Sorolla: Spanish Master of Light at the National Gallery

Sorolla: Spanish Master of Light at the National Gallery

This will be the first UK retrospective of the artist since 1908 when Sorolla himself mounted an exhibition at London’s Grafton Galleries where he was promoted as ‘The World’s Greatest Living Painter.’ Some claim! Considering that Gauguin, Matisse, Renoir and Degas were all still alive, and Picasso had already burst...

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Can’t take a joke? Jeez

Can’t take a joke? Jeez

When I was still young enough to be unable to tell the difference between pretension and cool, Tom Stoppard came to give a talk at my university. His slightly RP/Czech fusion drawl made me think of his comparative linguistic knowledge so in the Q&A, my hand went up. Eventually he...

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The Coronet

The Coronet

Fittingly for a theatre, Notting Hill’s The Coronet has had three distinct acts over its 120 year lifespan. In its present form the Coronet is a dark jewel on Notting Hill Gate, its long corridors festooned with evocative objet d’art and replete with one-of-a-kind theatre bar that fairly drips with...

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An Introduction to Barry Martin’s Chess

An Introduction to Barry Martin’s Chess

“All chess players are artists , but not all artists are chess players!” Thus spake Marcel Duchamp, the most influential artist of the twentieth century, outranking even Picasso and Dali in the scope of his effect on subsequent generations of aspiring Raphaels, Titians, Leonardos and Michelangelos. In popular estimation, Duchamp...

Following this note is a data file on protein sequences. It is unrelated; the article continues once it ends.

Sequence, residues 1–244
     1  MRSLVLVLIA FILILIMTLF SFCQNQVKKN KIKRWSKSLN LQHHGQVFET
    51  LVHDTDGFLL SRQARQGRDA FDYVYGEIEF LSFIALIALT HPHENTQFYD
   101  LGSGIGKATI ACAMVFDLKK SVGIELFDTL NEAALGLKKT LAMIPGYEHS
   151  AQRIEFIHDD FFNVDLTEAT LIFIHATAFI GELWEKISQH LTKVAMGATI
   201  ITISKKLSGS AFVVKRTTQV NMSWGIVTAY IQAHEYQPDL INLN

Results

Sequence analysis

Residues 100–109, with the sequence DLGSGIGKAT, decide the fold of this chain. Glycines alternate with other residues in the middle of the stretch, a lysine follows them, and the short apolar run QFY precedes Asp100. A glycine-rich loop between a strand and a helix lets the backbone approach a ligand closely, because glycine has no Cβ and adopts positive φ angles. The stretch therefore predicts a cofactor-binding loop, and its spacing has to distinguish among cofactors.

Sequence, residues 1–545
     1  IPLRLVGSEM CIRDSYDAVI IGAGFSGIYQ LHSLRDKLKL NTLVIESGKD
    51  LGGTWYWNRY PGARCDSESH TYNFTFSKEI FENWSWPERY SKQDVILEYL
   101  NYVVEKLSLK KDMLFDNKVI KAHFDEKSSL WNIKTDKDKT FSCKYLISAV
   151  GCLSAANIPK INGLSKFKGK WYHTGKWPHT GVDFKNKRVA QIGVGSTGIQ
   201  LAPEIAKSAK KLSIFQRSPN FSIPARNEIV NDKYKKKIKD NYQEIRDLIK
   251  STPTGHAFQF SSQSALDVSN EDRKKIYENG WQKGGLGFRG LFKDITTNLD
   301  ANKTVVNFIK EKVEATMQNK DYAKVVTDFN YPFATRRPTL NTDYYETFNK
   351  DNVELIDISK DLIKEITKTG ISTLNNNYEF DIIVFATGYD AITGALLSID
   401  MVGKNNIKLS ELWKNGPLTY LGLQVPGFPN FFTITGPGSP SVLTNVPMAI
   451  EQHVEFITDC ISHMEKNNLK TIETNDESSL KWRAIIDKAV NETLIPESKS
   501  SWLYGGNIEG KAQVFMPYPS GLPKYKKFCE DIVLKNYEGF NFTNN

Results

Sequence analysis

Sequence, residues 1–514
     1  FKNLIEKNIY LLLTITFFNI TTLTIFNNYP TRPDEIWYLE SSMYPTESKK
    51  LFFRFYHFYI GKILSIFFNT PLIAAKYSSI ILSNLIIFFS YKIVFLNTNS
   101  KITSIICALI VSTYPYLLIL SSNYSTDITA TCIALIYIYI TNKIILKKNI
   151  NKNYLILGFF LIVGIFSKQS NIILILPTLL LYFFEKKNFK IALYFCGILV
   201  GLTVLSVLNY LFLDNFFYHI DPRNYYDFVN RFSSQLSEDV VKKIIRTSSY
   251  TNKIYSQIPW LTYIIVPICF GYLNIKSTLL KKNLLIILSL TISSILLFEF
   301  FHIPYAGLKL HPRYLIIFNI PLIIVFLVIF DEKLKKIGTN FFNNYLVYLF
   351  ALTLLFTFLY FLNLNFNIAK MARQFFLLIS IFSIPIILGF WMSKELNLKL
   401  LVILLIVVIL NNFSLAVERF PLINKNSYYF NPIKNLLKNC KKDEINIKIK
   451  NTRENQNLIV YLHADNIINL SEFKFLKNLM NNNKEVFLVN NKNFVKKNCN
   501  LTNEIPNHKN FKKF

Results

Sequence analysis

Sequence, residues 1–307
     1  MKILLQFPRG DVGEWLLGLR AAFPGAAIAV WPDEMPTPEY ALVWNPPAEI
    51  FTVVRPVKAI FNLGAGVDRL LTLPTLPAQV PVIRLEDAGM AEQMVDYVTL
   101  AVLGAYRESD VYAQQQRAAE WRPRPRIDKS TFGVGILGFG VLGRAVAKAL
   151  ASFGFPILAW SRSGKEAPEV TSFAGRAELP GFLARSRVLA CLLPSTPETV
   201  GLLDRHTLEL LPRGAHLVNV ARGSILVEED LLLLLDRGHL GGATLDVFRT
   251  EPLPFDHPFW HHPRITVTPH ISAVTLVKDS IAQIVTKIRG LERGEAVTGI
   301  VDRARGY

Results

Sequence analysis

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Mantegna and Bellini at the National Gallery

Mantegna and Bellini at the National Gallery

The Bellini family were arguably the most important and influential of Italian painters in the second half of the 15th century, the head of which was Jacopo, who had a thriving studio in Venice and two sons, Gentile and Giovanni, both of whom excelled in the the art of painting,...

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Bridging the Borough Divide

Bridging the Borough Divide

As the Metropolitan Police reduces from 32 to 12 police units, Borough Commander Rob Jones has emerged as the new face of the Central West Command Unit Rob Jones did not always want to be a policeman. In fact, he did not know what he wanted to be. Upon graduating...

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The Unreasonable Woman: Emma Dent Coad MP

The Unreasonable Woman: Emma Dent Coad MP

Save for a few Liberal Party dalliances in the late nineteenth and early twentieth century, the Conservative Party reigned supreme for the better part of a century in South Kensington and Chelsea. North Kensington, conversely, pinballed around the political spectrum until it was abolished as a constituency in 1974. Thereafter,...

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Digital Gods versus Print

Digital Gods versus Print

KCW Today celebrates 7 years next month with the publication of its 72nd edition since its inception in May 2011. Last year our paper was shortlisted for Newspaper of the Year Award 2017. The title has grown in content, stature, and circulation and we are constantly amazed and delighted to...

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Democrafatigue

Democrafatigue

  It’s raining. I’m upstairs on the no. 49 to Clapham Junction in a humid breath fug. Two gents are sitting in front of me, “May 3rd. More bloody elections. Might as well move in to the voting booth I’m in there so often.” “Yeah.” “It’s bigger than most flats...

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From Life at the Royal Academy

From Life at the Royal Academy

From Life Royal Academy – The Sackler Gallery Until 11 March 2018 Admission £14 The Royal Academy Schools is not only the oldest art school in Britain, having taken in its first pupils in 1769, it is still one of the few art institutions that hold life drawing classes. As...

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